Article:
The BRC was formed in January 2010 under the auspices of the Department of Energy with the task of reviewing the civilian nuclear fuel cycle, primarily with respect to waste storage and disposal.  Its 15 members represent a broad sampling from the worlds of politics (most notably, its co-chairs are former Congressman Lee Hamilton and former National Security Adviser Brent Snowcroft, and among the members are former Senators Pete Domenici and Chuck Hagel), industry and academia.  The commission was formed following the withdrawal of funding in 2009 from the proposed long-term civil nuclear waste repository at Yucca Mountain, Nevada.

Currently, US civilian nuclear waste is stored in water-filled pools at reactor sites (50,000 metric tons of spent fuel currently is stored in this way) or, increasingly, in steel and concrete casks co-located at reactor sites (so-called dry cask storage; 15,000 metric tons of spent fuel is currently stored this way).  Of the total, 3,000 metric tons of waste is stranded at nine decommissioned reactor sites, where waste has remained indefinitely with no near-term prospect of relocation.  These economically unproductive facilities bring with them considerable security and engineering costs.

The US summarily rejected nuclear waste recycling in the 1970s.  That decision stemmed from fears of proliferation risk: Recycling includes the production of plutonium, which could be repurposed to make weapons.  The amount of spent nuclear fuel and transuranic waste that has built up since the 1970s is significant.

There are now 104 operating reactors in the US, producing about 20 percent of the nation’s electricity.  Thus, adding we are always adding to the volume of spent fuel and waste, which increases every year by as much as 2,400 metric tons annually. Absent allowing civilian nuclear waste recycling to proceed (as has happened for defense-related nuclear materials from decommissioned nuclear warheads), the industry now has only three options for handling its waste:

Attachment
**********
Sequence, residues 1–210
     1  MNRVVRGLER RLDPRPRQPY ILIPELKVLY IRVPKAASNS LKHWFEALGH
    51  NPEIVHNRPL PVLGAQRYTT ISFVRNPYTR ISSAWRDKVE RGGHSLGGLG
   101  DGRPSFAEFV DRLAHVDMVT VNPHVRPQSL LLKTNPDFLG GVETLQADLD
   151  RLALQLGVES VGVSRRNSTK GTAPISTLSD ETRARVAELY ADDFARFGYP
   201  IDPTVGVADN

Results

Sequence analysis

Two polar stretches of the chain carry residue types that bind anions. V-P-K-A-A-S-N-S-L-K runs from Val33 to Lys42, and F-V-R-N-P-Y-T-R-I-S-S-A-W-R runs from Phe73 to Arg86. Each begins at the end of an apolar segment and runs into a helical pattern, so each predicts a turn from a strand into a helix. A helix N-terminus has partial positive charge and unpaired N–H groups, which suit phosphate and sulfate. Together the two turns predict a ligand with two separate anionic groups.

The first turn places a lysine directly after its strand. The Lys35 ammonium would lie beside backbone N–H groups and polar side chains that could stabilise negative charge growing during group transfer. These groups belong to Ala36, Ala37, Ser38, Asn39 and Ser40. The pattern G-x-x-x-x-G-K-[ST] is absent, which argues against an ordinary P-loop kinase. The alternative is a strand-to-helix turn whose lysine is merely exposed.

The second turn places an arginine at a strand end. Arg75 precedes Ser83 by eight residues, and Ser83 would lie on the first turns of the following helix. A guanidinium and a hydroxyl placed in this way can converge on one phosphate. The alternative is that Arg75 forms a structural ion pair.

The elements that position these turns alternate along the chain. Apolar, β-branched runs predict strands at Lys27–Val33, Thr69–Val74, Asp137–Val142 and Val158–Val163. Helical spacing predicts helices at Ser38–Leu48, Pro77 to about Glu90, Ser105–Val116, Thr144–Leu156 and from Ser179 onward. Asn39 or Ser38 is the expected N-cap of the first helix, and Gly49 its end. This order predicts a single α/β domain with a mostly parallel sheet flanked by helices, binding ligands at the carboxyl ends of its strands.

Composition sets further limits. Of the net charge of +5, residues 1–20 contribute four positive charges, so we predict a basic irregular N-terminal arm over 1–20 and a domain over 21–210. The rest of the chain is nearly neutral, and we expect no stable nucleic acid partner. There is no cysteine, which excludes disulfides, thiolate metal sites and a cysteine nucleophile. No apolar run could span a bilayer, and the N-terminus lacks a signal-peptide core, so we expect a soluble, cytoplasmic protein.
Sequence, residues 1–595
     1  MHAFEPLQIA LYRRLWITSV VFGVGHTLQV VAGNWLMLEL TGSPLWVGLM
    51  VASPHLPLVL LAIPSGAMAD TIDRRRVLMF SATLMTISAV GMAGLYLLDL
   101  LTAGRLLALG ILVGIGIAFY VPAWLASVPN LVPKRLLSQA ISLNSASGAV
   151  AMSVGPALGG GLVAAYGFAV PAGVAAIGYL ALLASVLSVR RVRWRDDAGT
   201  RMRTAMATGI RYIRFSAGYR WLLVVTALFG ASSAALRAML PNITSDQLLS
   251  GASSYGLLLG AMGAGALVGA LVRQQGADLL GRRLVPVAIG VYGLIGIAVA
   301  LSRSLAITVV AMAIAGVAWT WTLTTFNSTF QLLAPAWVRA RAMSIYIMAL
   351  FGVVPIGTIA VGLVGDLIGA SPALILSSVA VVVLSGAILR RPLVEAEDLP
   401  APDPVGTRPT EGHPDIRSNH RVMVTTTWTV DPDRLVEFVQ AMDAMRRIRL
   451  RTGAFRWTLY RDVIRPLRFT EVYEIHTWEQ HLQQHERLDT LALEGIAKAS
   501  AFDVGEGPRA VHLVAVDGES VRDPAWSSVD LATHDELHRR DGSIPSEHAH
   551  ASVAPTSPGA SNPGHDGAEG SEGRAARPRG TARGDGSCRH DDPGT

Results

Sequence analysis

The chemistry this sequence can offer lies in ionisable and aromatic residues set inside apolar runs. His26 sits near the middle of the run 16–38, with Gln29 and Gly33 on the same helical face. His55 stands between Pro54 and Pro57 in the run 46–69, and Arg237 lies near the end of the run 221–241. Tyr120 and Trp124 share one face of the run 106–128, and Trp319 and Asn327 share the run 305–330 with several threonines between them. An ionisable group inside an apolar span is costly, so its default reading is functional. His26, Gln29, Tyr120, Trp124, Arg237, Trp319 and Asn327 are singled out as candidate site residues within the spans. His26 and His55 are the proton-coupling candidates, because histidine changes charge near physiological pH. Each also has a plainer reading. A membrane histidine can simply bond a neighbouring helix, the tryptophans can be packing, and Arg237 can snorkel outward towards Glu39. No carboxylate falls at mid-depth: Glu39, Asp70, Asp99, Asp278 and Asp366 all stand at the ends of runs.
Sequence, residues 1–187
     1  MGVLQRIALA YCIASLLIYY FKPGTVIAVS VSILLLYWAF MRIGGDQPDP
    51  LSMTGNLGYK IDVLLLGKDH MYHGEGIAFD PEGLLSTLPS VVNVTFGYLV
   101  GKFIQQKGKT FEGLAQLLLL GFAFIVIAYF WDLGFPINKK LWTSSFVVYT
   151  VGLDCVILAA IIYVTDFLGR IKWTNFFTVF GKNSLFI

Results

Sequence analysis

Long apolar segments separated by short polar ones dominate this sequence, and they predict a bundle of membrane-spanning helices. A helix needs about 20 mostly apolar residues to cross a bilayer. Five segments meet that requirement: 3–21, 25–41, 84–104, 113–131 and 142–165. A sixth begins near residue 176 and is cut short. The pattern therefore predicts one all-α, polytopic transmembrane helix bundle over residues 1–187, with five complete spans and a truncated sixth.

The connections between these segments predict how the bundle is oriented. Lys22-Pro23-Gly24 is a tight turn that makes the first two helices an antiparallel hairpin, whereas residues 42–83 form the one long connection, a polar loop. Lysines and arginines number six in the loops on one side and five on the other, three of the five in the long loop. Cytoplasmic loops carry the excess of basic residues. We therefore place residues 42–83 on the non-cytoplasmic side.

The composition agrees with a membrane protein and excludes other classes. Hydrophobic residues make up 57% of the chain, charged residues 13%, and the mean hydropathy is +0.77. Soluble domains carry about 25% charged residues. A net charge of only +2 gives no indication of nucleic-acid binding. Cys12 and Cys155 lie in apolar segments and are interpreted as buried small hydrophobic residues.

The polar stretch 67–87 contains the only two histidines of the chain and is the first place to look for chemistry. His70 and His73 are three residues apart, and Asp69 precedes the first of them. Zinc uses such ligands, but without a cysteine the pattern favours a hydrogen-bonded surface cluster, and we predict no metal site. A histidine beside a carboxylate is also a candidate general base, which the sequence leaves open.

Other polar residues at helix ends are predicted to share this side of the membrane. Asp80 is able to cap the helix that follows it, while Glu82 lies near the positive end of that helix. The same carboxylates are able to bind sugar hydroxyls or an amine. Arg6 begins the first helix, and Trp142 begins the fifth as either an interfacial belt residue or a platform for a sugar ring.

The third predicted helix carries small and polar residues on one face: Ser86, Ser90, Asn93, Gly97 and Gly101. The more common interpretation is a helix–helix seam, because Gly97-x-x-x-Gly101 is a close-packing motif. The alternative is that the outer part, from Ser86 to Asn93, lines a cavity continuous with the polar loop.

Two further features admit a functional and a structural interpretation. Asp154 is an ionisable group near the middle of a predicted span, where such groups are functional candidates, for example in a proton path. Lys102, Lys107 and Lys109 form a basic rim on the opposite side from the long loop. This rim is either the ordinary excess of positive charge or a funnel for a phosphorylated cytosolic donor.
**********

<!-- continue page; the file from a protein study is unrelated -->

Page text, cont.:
(1)  storage at reactor sites distributed throughout the country, necessitating increased dry cask storage as cooling ponds reach capacity

(2) moving waste into a consolidated interim-term storage facility (or two) for perhaps 100 years, an approach which may be politically elegant but needlessly introduces an expensive middle-layer storage facility between the reactor site and a long-term disposal site, and

(3) putting waste products directly into a long-term waste depository, along the model of Yucca Mountain.

In the face of a mounting physical need for civilian nuclear waste solutions, the BRC has issued seven primary recommendations and numerous secondary observations.  The seven recommendations are:

  1. A new, consent-based approach to siting future nuclear waste management facilities
  2. A new organization dedicated solely to implementing the waste management program and empowered with the authority and resources to succeed
  3. Access to the funds nuclear utility ratepayers are providing for the purpose of nuclear waste management
  4. Prompt efforts to develop one or more geologic disposal facilities
  5. Prompt efforts to develop one or more consolidated interim storage facilities
  6. Support for continued US innovation in nuclear energy technology and for workforce development
  7. Active US leadership in international efforts to address safety, waste management, nonproliferation and security concerns

The various recommendations are discussed below.  However, in arriving at these recommendations, the BRC ultimately was hobbled by self-imposed constraints.  It did not allow itself to evaluate the merits of specific potential sites (such as Yucca Mountain), nor did it elect to opine on the wisdom of nuclear recycling.  While its 192-page report is an informative and detailed examination of the current status of civilian nuclear waste, ultimately its recommendations are a tangled web of the glaringly obvious (calling for sorting out of funding and legislative snafus) and the much less understandable (proposing the creation of costly, risky interim storage solutions and of a completely new oversight body and failing to provide clear guidance on spent fuel recycling).

1.  A new, consent-based approach to siting future nuclear waste management facilities

The Nuclear Waste Policy Act as amended in 1987 (NWPA) contemplates the licensing solely and exclusively of Yucca Mountain as a civilian repository.  For better or worse, this policy led to  the abandonment of other potential sites as well as contemplation of two (rather than one) civilian waste repositories.